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Nancy Badertscher
By Nancy Badertscher May 19, 2015

Qatar Airways leader off the mark

Some harsh words have been hurled by the CEOs at the forefront of what some say is a struggle for dominance of international aviation.

They include recent remarks from Akbar Al Baker, chief of Qatar Airways, suggesting that his airline flies airplanes that are superior to those flown by Atlanta-based Delta Air Lines by virtue of their age.

"I am delighted that (CEO) Richard Anderson of Delta is not here," Al Baker said in an interview March 16. "First of all, we don’t fly crap airplanes that are 35 years old. The Qatar Airways average fleet (age) is only four years and one month."

PolitiFact Georgia decided to fact-check Al Baker’s claim.

But first a little background.

Al Baker first made the unflattering claim about Delta’s fleet when he met with a reporter to address a complaint being spearheaded by Anderson.

The complaint accuses three major Middle East airlines -- Etihad, Emirates and Qatar -- of receiving $42 billion in "unfair" subsidies. Delta, United and American Airlines say the subsidies give the Gulf carriers an unfair advantage and are allowing them to expand around the world.

Qatar Airways currently flies into Washington D.C., Chicago, New York, Houston, Miami and Dallas and is scheduled next year to launch service to Los Angeles, Boston and Atlanta.

Al Baker denies receiving any "subsidies."

"The state of Qatar is the owner of Qatar Airways and whatever funds are put into the airline is as equity, which is quite legitimate," he has said.

Al Baker and Anderson sparred earlier this year after the Gulf carriers complained that some U.S. airlines received their own subsidies in the form of Chapter 11 bankruptcy and federal loan guarantees and aid after the Sept. 11 terrorist attacks.

U.S. airlines countered that bankruptcy is not a subsidy, and the restructuring process is transparent.

Anderson in February told CNN: "It's a great irony to have the United Arab Emirates from the Arabian peninsula talk about [bailouts for U.S. airlines] given the fact that our industry was really shocked by the terrorism of 9/ 11 which came from terrorists from the Arabian peninsula that caused us to go through a massive restructuring."

Al Baker shot back: "I think he should be ashamed to bring the issue of terrorism to try to cover his inefficiency in running an airline."

The numbers

Featured Fact-check

Now, to the specifics of Al Baker’s claim.

Qatar Airways, the national carrier for the State of Qatar, was launched in 1997 and bills itself as "one of the fastest-growing airlines operating with one of the youngest fleets in the world."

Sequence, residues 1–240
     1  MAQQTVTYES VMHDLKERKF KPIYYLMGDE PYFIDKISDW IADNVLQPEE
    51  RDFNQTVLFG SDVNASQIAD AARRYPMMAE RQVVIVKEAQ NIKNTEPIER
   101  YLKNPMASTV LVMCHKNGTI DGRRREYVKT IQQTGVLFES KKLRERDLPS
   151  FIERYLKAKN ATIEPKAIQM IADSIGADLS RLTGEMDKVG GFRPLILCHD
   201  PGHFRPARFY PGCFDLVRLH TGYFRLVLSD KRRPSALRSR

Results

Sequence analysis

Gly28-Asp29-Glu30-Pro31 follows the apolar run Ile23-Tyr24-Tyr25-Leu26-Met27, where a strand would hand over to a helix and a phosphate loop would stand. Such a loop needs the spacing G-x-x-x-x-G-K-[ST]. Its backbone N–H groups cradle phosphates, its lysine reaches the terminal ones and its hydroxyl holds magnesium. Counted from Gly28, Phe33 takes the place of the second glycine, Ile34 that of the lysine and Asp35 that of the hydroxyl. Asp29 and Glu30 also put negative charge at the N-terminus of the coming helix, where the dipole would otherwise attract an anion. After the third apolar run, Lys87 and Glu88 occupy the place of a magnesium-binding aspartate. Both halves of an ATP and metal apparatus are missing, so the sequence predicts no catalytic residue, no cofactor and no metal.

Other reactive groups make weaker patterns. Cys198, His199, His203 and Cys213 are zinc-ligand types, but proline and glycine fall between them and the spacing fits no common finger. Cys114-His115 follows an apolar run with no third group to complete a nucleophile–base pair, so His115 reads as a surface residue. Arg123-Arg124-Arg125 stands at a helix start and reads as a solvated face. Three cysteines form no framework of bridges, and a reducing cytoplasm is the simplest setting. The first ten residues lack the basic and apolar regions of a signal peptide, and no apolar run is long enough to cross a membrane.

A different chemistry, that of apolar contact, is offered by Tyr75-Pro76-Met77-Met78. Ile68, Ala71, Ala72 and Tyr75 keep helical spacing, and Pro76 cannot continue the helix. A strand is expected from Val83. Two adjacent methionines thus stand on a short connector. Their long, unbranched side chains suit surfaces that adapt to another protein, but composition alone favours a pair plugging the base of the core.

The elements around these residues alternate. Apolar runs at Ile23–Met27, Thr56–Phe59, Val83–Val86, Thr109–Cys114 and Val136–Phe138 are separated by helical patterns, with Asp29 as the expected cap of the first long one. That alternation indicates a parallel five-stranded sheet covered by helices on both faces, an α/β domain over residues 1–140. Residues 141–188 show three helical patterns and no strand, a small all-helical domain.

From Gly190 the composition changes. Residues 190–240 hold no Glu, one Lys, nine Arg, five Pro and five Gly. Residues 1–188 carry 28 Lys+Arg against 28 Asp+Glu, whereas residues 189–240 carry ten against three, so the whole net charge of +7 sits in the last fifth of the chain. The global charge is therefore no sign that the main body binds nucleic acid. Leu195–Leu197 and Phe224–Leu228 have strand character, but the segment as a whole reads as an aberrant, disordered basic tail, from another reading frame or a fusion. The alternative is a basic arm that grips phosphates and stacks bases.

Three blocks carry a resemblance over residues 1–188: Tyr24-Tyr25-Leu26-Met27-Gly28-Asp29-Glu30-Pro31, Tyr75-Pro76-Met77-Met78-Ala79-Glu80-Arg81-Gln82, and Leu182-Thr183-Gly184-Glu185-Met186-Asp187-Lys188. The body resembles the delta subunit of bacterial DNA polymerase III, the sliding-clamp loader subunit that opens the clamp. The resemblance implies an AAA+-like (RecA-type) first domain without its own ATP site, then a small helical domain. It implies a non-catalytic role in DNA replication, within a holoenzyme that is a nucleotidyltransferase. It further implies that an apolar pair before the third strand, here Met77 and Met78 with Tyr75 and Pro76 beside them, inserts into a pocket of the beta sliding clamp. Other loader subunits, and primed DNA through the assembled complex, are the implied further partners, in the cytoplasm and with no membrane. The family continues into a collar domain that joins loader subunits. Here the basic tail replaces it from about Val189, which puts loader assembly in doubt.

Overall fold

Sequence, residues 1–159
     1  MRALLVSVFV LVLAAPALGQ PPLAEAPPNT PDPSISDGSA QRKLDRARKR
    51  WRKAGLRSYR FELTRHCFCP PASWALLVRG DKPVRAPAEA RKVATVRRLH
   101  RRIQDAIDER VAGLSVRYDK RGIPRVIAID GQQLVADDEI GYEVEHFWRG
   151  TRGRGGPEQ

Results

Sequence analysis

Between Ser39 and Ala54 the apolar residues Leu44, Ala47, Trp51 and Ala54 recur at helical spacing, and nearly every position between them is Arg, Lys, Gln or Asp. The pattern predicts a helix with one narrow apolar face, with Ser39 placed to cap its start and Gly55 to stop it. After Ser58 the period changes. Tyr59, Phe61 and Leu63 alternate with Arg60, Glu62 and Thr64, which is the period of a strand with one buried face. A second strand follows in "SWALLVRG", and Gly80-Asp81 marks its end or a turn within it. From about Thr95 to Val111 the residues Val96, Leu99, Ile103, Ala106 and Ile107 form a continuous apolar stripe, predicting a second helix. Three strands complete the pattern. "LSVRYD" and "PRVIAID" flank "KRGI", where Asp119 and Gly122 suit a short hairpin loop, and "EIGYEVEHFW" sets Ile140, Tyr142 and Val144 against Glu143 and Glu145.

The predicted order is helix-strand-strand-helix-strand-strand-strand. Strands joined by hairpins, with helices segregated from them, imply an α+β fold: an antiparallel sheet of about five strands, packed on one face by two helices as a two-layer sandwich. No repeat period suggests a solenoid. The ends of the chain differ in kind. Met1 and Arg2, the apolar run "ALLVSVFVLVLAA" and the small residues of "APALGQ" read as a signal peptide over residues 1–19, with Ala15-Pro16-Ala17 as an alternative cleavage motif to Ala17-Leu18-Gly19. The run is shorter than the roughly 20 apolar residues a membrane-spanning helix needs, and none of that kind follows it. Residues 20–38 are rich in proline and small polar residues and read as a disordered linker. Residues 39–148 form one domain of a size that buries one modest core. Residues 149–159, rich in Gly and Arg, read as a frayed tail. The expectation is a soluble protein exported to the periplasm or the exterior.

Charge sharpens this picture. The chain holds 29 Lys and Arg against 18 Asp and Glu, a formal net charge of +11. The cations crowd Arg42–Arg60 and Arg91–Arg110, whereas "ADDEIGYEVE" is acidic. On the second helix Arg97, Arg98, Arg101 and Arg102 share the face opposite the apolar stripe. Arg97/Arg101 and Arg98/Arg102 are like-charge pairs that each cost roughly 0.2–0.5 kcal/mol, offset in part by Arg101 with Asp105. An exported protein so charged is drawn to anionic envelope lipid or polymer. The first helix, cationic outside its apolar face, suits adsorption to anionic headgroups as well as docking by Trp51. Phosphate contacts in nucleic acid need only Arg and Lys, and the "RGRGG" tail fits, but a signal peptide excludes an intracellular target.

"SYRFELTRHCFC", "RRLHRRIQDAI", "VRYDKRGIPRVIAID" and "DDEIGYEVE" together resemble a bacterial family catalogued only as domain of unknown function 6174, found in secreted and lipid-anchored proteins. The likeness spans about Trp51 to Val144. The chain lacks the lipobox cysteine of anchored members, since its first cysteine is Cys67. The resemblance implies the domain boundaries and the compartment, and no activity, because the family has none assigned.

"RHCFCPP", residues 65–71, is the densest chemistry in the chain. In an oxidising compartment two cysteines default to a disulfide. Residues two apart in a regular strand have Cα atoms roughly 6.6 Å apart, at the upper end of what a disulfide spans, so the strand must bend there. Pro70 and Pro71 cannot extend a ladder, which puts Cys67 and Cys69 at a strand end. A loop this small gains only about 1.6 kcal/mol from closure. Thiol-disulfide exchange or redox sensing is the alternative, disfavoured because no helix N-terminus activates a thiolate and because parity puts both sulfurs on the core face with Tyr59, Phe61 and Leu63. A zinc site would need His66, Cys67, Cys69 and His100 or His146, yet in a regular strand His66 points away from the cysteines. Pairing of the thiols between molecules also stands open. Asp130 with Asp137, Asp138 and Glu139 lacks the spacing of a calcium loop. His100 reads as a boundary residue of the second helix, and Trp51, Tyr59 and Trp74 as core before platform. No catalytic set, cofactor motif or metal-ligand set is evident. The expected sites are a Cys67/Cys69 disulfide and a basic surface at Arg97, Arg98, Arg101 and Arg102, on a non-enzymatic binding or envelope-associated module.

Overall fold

We contacted the airline for documentation that it had a fleet of airplanes, averaging 4.1 years in age. We received data that showed the fleet was actually newer -- averaging 3.1 years.

The airline, based in Doha, has 152 passenger and cargo airplanes, including some Airbus A330s with "designer sleeper suites’ for first-class passengers.

Data on the age of U.S.-registered aircraft is available at the FAA website, which helped with our research.

At Delta, spokesman Trebor Banstetter told us the the airline has about 1,250 airplanes, averaging 14 years in age and 15 years on its trans-oceanic fleet.

"Of our 1,200 plus aircraft, there are a total of four that are older than 30 years," Banstetter said. "They are all about 30.5 years old, and all scheduled for retirement this year."

The average age of the fleet is shown as slightly higher -- 17 years --- on Delta’s quarterly filing to the federal Securities and Exchange Commission. That’s largely a reflection of change -- new Boeing 737s being purchased; planes being moved into retirement; and others salvaged for parts, Banstetter said.

We were unable to contact Al Baker to ask where he got the information to suggest Delta was flying 35 year old airplanes.

Aviation expert Richard Aboulafia said airlines are defined by their products, not the age of their jets.

"Business class passengers, who are the only ones who really drive these considerations, look at the state of interiors, seats, food, and other amenities," Aboulafia said.  "Jet age is largely irrelevant. And Delta's average fleet age certainly is nowhere near 30."

Our conclusion

Al Baker was conservative in saying that Qatar Airways had a fleet of airplanes that was 4.1 years on average. The age of Qatar’s 152 passenger and cargo airplanes is actually on average 3.1 years.

But Al Baker veered off course when his comments morphed into an attack on Delta.

Delta has more than 1,200 aircraft. Four are due to retire this year. Each of those is about 30.5 years old, Delta spokesman Trebor Banstetter said. The majority of Delta’s fleet is much newer.

Al Baker’s comments contain an element truth but they ignore critical facts that would give the average reader a different impression

We rate Al Baker’s comments Mostly False.

Our Sources

"Qatar Airways boss accuses Delta of flying 'crap' planes," Yahoo news, March 16, 2015

'Qatar Airways CEO says Delta boss is ‘bully and liar’ in subsidies row,' Al Arabiya News, Ben Flanagan, May 6, 2015

Email with Richard Aboulafia, vice president of analysis at Teal Group and an aviation industry authority.

Qatar Airways fact sheet

Emails and phone calls with Trebor Banstetter, Delta Air Lines, Corporate Communications

Report on Delta aircraft fleet

Delta's age reports to SEC

Age of US-registered planes of Qatar Airways


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